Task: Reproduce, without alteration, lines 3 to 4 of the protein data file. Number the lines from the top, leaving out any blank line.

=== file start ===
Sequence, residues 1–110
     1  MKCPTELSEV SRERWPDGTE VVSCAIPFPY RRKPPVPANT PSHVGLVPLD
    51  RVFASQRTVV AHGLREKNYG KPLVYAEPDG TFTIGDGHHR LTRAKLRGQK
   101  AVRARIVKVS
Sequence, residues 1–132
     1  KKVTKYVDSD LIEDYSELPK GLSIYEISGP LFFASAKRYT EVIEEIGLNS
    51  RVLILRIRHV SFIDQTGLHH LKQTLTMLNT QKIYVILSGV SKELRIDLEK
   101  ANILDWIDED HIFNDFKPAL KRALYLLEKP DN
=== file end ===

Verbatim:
    51  RVFASQRTVV AHGLREKNYG KPLVYAEPDG TFTIGDGHHR LTRAKLRGQK
   101  AVRARIVKVS